Almost a third of cerebral malaria survivors developed epilepsy or other behavioral disorders in the most comprehensive study to date of the disease in African children, solidifying the link between malaria and neuropsychiatric disorders that affect hundreds of thousands of children.
The research -- led by Gretchen Birbeck, an associate professor of neurology and ophthalmology in Michigan State University's College of Osteopathic Medicine -- appears in the current edition of The Lancet Neurology.
Cerebral malaria is a severe form of malaria affecting the brain, occurring predominantly in children, with a mortality rate of 15-25 percent. It affects about one million children every year, primarily in sub-Saharan Africa.
"Our findings show that children with cerebral malaria are at risk of developing several adverse neurological outcomes including epilepsy, disruptive behavior disorders and disabilities characterized by motor, sensory or language deficits," said Birbeck, also director for the International Neurologic & Psychiatric Epidemiology Program. "Specifically, the modifiable risk factors for these disorders in children with cerebral malaria are acute seizures and extreme fevers."
Since most of the neurologic effects did not present themselves immediately, they were not evident at the time of the child's discharge from the hospital after the initial malaria illness.
"But if the findings of our study are generalized, then about 135,000 African children younger than 5 years develop epilepsy due to cerebral malaria-induced brain injury each year, and cerebral malaria may be one of the more common causes of epilepsy in malaria-endemic regions," she said.
The study looked at several hundred children during a nearly five-year period in Blantyre, Malawi; it was the first-ever prospective study of cerebral malaria survivors that included a control group. The study was funded by the National Institutes of Health and the Wellcome Trust.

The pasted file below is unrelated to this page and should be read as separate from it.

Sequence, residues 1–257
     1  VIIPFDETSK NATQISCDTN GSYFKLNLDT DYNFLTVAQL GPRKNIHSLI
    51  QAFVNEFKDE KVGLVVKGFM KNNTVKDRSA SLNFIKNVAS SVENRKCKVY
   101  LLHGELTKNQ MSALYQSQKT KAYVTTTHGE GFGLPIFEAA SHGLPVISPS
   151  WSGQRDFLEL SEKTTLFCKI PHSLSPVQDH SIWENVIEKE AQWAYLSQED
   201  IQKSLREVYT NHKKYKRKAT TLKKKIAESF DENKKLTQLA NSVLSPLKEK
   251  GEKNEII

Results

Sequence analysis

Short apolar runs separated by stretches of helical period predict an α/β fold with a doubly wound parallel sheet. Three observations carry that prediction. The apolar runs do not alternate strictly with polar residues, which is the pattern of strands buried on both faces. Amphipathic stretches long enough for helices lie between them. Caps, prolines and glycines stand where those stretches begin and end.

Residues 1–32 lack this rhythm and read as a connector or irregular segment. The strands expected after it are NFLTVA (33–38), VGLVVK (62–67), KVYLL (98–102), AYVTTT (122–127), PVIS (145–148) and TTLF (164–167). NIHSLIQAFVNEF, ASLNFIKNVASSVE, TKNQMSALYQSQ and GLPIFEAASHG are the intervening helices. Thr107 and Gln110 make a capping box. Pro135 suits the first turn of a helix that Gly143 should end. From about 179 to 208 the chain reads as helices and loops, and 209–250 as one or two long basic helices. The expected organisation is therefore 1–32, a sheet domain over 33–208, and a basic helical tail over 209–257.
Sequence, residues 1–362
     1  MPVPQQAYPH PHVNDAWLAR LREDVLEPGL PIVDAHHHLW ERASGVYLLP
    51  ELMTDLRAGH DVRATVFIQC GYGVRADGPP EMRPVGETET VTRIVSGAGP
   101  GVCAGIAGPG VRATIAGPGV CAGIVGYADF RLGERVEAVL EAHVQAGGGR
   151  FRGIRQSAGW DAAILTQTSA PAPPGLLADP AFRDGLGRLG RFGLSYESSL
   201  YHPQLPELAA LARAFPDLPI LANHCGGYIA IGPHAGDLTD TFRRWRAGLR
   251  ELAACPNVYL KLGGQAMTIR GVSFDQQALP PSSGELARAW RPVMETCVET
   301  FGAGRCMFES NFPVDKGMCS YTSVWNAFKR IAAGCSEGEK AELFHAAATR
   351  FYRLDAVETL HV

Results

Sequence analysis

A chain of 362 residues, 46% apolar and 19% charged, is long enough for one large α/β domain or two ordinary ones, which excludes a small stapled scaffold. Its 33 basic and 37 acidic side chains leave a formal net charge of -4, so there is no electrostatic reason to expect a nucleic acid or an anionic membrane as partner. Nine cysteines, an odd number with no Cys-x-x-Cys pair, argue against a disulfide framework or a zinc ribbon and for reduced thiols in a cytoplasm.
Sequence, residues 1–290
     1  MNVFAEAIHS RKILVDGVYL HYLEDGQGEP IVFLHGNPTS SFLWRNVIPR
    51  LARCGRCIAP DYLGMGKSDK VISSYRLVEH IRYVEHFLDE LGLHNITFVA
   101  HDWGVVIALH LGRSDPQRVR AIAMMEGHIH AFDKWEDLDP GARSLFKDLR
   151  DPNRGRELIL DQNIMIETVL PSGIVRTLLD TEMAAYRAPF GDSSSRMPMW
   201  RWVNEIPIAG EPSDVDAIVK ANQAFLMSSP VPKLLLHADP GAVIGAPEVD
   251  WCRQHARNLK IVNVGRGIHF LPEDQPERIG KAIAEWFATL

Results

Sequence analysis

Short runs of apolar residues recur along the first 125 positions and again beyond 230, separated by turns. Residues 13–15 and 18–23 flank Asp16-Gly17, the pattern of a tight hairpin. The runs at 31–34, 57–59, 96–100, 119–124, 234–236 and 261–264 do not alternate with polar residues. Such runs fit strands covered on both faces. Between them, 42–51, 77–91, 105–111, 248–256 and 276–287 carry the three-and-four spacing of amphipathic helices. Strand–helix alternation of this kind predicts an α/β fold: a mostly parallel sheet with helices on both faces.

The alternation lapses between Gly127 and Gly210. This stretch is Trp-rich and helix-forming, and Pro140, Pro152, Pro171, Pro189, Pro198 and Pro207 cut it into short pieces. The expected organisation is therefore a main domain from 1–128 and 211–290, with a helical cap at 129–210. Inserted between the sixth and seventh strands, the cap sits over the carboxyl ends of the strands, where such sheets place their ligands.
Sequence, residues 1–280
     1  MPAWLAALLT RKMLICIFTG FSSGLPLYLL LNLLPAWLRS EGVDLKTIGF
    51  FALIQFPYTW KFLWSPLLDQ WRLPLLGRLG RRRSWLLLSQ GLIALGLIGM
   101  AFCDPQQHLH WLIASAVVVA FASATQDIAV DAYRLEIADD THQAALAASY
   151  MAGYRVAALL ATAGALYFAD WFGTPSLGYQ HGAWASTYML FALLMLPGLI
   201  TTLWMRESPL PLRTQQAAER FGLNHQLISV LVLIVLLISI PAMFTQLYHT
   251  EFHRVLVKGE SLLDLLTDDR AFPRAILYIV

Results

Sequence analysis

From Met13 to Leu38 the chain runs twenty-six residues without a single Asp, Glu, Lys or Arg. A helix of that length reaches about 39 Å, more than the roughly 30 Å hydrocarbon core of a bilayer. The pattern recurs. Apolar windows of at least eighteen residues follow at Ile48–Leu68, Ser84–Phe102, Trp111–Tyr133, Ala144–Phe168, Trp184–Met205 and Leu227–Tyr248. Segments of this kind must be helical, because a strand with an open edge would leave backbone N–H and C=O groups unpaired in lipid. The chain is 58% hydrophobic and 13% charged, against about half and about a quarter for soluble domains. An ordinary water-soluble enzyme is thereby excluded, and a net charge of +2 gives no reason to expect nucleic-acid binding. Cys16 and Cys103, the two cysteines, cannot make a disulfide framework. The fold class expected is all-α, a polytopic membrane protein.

The impact of the findings on African society is immeasurable, Birbeck said.
"The long-term loss of human potential from these disorders is mind-boggling," she said. "Yes, these children are surviving the malaria, but their quality of life and what they contribute to society is severely hampered. There is a huge burden of post-malaria neurological disorders."
But Birbeck said there are steps that can be taken.
"We need to be more aggressive in treating the two major risk factors: seizures and high fever," she said, adding that the next step will be to start clinical trials to identify treatments aimed at better seizure and fever control.
Previous studies of neurological consequences related to cerebral malaria have been limited by poor retention rates, lack of follow-up and assessments that were stopped when the results of neurological examinations were normal.
Also, cerebral malaria is challenging to diagnose definitively. However, researchers from MSU and the University of Liverpool in England previously had discovered that diagnosing malaria retinopathy -- a set of abnormalities in the eye's retina -- greatly enhances the ability to diagnose cerebral malaria. Thus, as part the study published in The Lancet Neurology, Birbeck and her team only looked at children with retinopathy-positive cerebral malaria.
Terrie Taylor, an MSU University Distinguished Professor and co-author on the paper, spends six months each year battling malaria at the Queen Elizabeth Central Hospital in Blantyre, Malawi.
"The challenge now is to devise better treatments during the cerebral malaria episode in hopes of minimizing the risk of epilepsy in years to come," she said.
Birbeck said MSU's continued and dedicated presence in Africa is what allows such research to be done.
"The long-term relationships that have been established with ministries of health, medical schools and investigators allow us to bring our expertise to the table," she said.
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